How EtOH production affects yeast health: 4 tips for dealing with ethanol stress

December 18, 2017 |

By Dale Earls, Scientist, Novozymes

Special to The Digest

It turns out that too much of a good thing can actually be a bad thing—even when it comes to ethanol. At least in terms of the fermentation process.

In commercial yeasts available today, as fermentation progresses and the concentration of ethanol rises, yeast cells are increasingly exposed to levels of ethanol that quickly become toxic. This greatly affects yeast’s ability to produce ethanol; in fact, healthy, growing cells produce ethanol up to 33 times faster than non-growing cells.

Of course, we want ethanol levels to increase; that’s the point of fermentation. And we expect cell productivity to slow down somewhat—after all, the ethanol production rate is maintained in late-stage fermentation not because the yeast is highly productive, but because there’s so much more yeast. Yeast counts later in fermentation can be more than 25 times those in early fermentation.

Some yeasts, of course, are more resilient than others, but most currently on the market still require constant attention to maintain performance levels. So, is there a way to boost productivity in those later stages? Are there steps that producers can take to minimize yeast stress? The short answer to both those questions: absolutely.

Four tips for keeping yeast happy

Here are our four recommendations for dealing with ethanol stress in your plant:

  1. Maintain fermentation temperature. Heat and ethanol stress have a synergistic effect, as cells are particularly susceptible to ethanol toxicity at higher temperatures. Reducing the temp toward the end of fermentation can decrease the ethanol toxicity to the yeast cells (cell membrane permeability).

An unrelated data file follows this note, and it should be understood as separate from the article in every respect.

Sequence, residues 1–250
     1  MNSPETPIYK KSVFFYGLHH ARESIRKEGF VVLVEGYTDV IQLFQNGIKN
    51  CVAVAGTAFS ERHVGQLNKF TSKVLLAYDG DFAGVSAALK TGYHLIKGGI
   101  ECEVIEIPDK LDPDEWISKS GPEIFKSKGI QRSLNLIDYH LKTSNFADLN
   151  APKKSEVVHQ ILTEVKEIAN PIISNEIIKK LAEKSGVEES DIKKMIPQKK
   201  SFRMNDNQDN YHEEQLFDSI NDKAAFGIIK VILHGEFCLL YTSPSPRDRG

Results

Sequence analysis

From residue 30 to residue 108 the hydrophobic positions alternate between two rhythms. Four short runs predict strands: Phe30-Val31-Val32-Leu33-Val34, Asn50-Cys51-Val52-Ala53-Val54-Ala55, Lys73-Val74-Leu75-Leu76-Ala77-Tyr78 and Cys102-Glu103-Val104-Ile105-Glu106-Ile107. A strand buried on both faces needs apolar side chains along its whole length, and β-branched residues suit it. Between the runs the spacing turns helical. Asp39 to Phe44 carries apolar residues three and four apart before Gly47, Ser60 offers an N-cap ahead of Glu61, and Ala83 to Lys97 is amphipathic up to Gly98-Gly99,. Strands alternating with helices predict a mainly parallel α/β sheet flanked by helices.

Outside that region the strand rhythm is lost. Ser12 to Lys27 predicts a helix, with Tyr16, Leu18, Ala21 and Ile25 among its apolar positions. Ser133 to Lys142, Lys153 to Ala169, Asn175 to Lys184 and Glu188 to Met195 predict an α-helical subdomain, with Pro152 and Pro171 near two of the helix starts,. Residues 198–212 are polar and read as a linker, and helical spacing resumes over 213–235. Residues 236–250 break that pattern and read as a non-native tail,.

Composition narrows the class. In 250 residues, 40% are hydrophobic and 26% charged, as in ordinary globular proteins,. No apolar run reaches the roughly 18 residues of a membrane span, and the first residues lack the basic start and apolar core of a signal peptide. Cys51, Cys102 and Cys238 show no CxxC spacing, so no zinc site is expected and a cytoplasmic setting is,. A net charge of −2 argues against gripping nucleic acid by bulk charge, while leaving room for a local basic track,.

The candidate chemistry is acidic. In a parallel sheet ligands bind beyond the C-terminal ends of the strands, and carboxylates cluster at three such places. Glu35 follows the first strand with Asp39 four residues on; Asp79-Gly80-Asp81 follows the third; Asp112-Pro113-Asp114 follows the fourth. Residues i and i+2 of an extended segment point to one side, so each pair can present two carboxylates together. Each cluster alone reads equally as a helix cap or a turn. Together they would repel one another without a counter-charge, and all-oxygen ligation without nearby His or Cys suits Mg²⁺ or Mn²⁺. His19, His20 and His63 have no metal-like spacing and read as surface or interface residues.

2. Monitor supplemental nitrogen. Especially during warmer months, pay close attention to how nitrogen is being dosed, as too much can accelerate yeast metabolism to the point that excess—and detrimental—heat is produced.
  3. Maintain yeast health. Yeasts require several micronutrients and growth factors to optimize their growth and fermentation performance, and essential vitamins are required for maximum fermentation rates and strain development.
  4. Monitor ethanol at propagation drop: Higher ethanol concentrations will decrease cell membrane thickness, and make them more likely to experience ethanol toxicity.

Though yeast are most prone to stress late in fermentation, ethanol concentrations of just 10-13% can result in slowed growth, which can impact overall performance. Following these tips as general best practices is a good first step toward improving ethanol yields.

Read our previous articles in this series—addressing warm weather ethanol fermentation and combating organic acids in fermentation, respectively—for more ways to keep your yeast fit and healthy amid various environmental stressors.

To learn more about yeast and many other aspects of ethanol production, such as enzyme functionality, laboratory practices and process troubleshooting, Novozymes customers can access Bioenergy University, an online platform offering webinars, course modules and videos.


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